As I was preparing to go to the Credo conference, the Continuing education event I was just at, I looked over the participants and realized that the only person I knew was someone who I friended on Facebook, but never met. This caused a little anxiety, especially since the focus on this conference was to explore our personal health and pastoral ministry.
Having taken the red-eye, I arrived well before anyone else so I took a nap. A few hours later I woke to make my way to the welcome reception. From across the room a somewhat familiar woman came towards me, “Bryan, Bryan Franzen.” It was a pastor who interned at the church where I grew up. While she had not worked with me, she worked with the Sr. High and was a favorite of both my oldest Brother and Mother. Actually, I often remember my mother talking about her in glowing ways.
As great as it was to see this pastor, I thought about how odd it was to have someone who knew me when I was 11 or 12. Of all the people in the world, what does it mean to have this person come back into my life? Strangely, that was not the last of those coincidences, as time progressed trough the week, I found out that one of the leaders was ordained in the church that my family attended until I was 6 and very likely was present at my baptism.
This realization made me think of the phrase “Remember your Baptism” from healing services, ordinations, commissioning, and so on. To me, that phrase has always seemed quite esoteric in my spiritual practice. Outside of reading my baptismal certificate and hearing stories of the day, I do not know much about my baptism first hand, I was an infant.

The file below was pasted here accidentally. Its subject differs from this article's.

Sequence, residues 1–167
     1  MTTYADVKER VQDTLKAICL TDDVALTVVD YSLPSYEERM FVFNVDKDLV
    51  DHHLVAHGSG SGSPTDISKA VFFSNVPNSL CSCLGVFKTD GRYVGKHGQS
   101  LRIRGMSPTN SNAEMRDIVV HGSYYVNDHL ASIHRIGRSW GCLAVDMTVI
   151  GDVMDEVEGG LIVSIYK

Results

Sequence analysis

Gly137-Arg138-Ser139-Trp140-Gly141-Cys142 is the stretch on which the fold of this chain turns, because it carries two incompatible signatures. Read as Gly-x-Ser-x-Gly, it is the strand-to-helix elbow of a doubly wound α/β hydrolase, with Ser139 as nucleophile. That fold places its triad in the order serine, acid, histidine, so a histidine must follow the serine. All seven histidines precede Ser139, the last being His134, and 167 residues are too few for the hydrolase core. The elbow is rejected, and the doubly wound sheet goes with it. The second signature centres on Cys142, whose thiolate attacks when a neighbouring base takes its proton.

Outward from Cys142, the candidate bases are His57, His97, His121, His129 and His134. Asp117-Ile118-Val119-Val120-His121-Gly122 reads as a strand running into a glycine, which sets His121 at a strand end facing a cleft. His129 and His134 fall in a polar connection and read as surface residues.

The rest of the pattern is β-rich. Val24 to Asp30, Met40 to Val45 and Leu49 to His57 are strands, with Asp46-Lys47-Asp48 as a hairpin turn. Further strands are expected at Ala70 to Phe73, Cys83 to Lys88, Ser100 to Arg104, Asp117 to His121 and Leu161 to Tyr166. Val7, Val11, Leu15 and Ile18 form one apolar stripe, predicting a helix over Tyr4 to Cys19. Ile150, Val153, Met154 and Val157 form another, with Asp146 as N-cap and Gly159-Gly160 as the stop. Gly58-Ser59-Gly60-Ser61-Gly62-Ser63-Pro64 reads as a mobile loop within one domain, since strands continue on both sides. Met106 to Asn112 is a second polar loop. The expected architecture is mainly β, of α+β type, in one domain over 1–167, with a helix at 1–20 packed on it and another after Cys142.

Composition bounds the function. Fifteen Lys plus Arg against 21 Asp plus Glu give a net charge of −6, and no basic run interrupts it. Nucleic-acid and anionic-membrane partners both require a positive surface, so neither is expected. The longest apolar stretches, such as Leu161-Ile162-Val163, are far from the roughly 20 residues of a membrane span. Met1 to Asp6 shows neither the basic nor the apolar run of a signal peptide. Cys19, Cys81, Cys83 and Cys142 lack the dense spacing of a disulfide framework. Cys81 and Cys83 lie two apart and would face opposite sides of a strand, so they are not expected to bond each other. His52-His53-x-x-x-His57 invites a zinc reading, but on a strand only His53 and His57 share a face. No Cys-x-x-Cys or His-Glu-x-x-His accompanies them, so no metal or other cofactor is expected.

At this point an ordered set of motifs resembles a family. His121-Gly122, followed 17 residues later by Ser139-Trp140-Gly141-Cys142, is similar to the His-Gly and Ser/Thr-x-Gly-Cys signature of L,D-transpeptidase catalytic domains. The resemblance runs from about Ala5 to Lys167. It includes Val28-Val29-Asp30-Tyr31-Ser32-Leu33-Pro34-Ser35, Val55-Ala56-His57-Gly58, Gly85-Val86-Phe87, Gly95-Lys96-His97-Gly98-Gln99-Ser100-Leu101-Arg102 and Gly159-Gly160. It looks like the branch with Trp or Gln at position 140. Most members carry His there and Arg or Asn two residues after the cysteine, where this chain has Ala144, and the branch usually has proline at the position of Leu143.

In some traditions, baptism is done at an age where the child or adult can make a personal commitment to Christ. Called Believers Baptism, for obvious reasons, the focus of that baptism is a personal transition moving from sinner to saved.
In our tradition, Baptism is recognition of the work that God has already done in us. This means that when we are baptized, the community is recognizing the acts that God is already doing within us. This welcoming mark of the grace sets us apart to live in faithfulness and community. Interestingly, in the baptismal service the congregation also takes on a crucial role; they covenant to raise the child (or adult), teaching them the mysteries of the faith.
The image of Baptism that comes to me is the Cloud of Witnesses found in Hebrews. That the Cloud of witnesses, the community, commissions us and reminds us of what is important and what is not, all while helping us find faithfulness to embark on a journey that will ultimately bring us to Christ.
Remembering my baptism is not about remembering the act, rather, it is to remind me that God did not put me in this world alone. God placed me in a home, called me into a community and gave me folks along the way to walk with me, guide me, and witness to me the presence and power of God. Even as a pastor, I forget that sometimes. Listening to the stories of the other clergy and witnessing to one-another our struggles and triumphs, showed me that God walks with all of us and when we break from our burdens, we can run this race stronger and quicker.
I guess what those two pastors symbolized to me was all the people that helped to shape and mold me. They reminded me that I have a whole group of witnesses who are around me, and I am not alone. It also reminded me that I am in community, and that I am in that Cloud for others, and I have the responsibility to care and teach. That “Both-And” participation is central to how we operate as a church and how we live out our baptism.
Yours in Christ,
Rev. Dr. Bryan James Franzen